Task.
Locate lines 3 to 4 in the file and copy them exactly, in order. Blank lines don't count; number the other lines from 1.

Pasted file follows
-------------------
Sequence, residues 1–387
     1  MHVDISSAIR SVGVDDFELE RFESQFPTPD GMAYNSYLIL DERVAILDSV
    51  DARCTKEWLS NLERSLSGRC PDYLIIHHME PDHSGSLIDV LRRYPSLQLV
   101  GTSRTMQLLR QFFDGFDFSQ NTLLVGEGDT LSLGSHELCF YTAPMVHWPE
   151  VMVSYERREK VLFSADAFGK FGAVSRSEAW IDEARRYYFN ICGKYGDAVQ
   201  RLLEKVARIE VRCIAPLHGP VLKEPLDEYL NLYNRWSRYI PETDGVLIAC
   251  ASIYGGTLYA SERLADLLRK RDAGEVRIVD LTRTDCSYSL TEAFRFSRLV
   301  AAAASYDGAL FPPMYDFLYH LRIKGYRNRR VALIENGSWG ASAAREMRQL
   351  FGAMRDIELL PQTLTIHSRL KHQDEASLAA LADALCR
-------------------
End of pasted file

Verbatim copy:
    51  DARCTKEWLS NLERSLSGRC PDYLIIHHME PDHSGSLIDV LRRYPSLQLV
   101  GTSRTMQLLR QFFDGFDFSQ NTLLVGEGDT LSLGSHELCF YTAPMVHWPE